Recover a Storage Ottoman – It’s Easy!

22 Oct

Disclaimer: This project requires a sewing machine. So, if you don’t have one or can’t sew, I can’t help this time. All you need besides your sewing machine is a staple gun.

It’s no secret – I love me some hidden storage. I’m realizing that maybe I even love it TOO much – I have clever storage areas that are…ahem…still empty. Maybe that’s because I’m an anti-hoarder. But hey – these little nooks and crannies are nice to have, just in case.

Anyway, I really wanted something to put my feet on when rocking the wee one in the nursery. We have an extra ottoman that I thought about covering, but it’s pretty much just a cube – no storage. I really wanted something with storage to put little baby toys and such in it.

I ran across this gem in Target for – wait for it – six bucks! 75% off! Sold…I took it home. However, the fabric was aaaall wrong based on the nursery colors.

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I found some yellow and white chevron fabric at Hancock Fabrics that worked. I wanted to bring in a pattern but not too much extra color. I completed the barrel part of it first.

I basically laid my fabric out, right side up, and cut enough to have about 4″ or so extra on the top and the bottom. This is what you’ll fold under and staple, so it’s nice to have a little extra to work with. If I did it again, I’d leave more like 5″ because it was a little tight to fold over and staple. Since my fabric has a pattern, I was careful to keep it as straight as possible.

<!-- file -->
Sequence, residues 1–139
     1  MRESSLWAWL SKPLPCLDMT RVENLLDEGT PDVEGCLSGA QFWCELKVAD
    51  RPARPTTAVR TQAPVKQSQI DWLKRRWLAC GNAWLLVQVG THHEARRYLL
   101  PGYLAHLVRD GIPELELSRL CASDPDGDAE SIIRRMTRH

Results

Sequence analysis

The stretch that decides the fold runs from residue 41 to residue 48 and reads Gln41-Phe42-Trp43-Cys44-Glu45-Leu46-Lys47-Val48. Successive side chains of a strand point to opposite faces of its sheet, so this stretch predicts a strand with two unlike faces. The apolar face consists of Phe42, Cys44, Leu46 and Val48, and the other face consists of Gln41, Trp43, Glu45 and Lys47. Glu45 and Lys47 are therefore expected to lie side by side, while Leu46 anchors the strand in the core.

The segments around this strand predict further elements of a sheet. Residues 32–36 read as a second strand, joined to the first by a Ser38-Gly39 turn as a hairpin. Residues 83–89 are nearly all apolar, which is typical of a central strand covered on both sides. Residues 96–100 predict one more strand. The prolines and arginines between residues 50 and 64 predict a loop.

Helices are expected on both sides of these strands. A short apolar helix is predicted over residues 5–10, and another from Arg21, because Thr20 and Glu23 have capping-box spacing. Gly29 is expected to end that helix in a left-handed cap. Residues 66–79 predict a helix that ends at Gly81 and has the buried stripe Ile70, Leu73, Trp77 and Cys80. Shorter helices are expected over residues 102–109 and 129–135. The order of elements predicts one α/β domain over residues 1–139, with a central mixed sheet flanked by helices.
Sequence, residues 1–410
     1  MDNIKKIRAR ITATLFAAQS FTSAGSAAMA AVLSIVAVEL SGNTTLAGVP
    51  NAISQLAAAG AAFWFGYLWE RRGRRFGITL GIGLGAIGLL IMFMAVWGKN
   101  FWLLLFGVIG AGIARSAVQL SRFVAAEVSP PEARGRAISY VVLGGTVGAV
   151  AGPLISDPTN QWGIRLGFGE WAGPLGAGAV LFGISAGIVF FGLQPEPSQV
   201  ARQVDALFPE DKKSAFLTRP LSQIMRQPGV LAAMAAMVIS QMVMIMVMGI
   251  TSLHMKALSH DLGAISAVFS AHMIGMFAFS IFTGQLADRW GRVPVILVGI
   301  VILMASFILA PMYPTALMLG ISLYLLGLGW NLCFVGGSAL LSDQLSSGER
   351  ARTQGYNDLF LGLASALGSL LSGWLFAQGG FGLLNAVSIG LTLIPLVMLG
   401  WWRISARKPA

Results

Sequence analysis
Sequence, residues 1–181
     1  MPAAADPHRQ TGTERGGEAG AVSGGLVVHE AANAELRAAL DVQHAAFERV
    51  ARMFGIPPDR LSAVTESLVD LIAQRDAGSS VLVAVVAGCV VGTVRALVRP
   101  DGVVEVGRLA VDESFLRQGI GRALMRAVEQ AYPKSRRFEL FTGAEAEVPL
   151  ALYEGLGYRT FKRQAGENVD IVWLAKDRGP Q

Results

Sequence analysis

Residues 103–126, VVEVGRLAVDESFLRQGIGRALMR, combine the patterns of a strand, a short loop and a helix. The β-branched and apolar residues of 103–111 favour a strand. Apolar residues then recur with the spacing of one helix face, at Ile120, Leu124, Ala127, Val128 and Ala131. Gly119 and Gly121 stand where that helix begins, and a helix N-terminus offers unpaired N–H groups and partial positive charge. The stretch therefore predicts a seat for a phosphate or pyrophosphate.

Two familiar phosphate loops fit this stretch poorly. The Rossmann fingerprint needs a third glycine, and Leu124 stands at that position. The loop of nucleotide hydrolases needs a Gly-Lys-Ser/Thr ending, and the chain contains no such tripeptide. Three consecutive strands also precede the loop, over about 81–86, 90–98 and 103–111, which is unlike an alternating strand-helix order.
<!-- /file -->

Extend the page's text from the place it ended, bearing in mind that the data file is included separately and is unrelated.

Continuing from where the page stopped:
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Next, I pinned my vertical seam, and I pinned it tight. Really tight – I didn’t want any slack on this fabric.

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Next, just sew your vertical seam. I turned it back so the right side was out, and shimmied it on to the barrel. If you do it right, it should take some effort to work it back on!

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Next, just fold under your rough edge and start stapling.

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Here’s what the bottom looks like. Not the prettiest, but it’s functional and no one can see it. Except whoever is reading this, I guess.

Do the same for the top:

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Barrel is done! The cover is next. Still pretty easy, just a bit more sewing and measuring. First, I laid the cover out on the fabric. I did a rough pencil sketch about a half inch wider than the circle; that’s for the seam allowance. Cut out your circle.DSC_0726

Next, I cut out a strip of fabric for the outside. It’s the same length as the barrel; it’s just maybe 3″ or so high. Be sure to leave a few extra inches to fold under and staple.

And that’s where I forgot to take a picture. Moving along…

First I sewed the outside strip, pretty much the same way I sewed the barrel fabric. Make sure it’s nice and tight around the edge of the cover. Then I worked it on to the outside of the cover (wrong fabric side out).

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Next, take your circle and lay it on top (wrong side out). Pin it around the circle so you have about a 5/8 inch seam allowance. Never mind the wet spot on the fabric. That’s just where I washed the fabric after bleeding on it when I stabbed myself with a pin.

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Sew those two pieces together, turn it right side out and shimmy this piece onto the cover.

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Last but not least, turn under your fabric and staple along the underside of the cover.

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Done! This took me a surprisingly short amount of time to complete – maybe between an hour and an hour and a half. So, if you have a sewing machine, it is super-easy to create a new ottoman cover!

Before:

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After!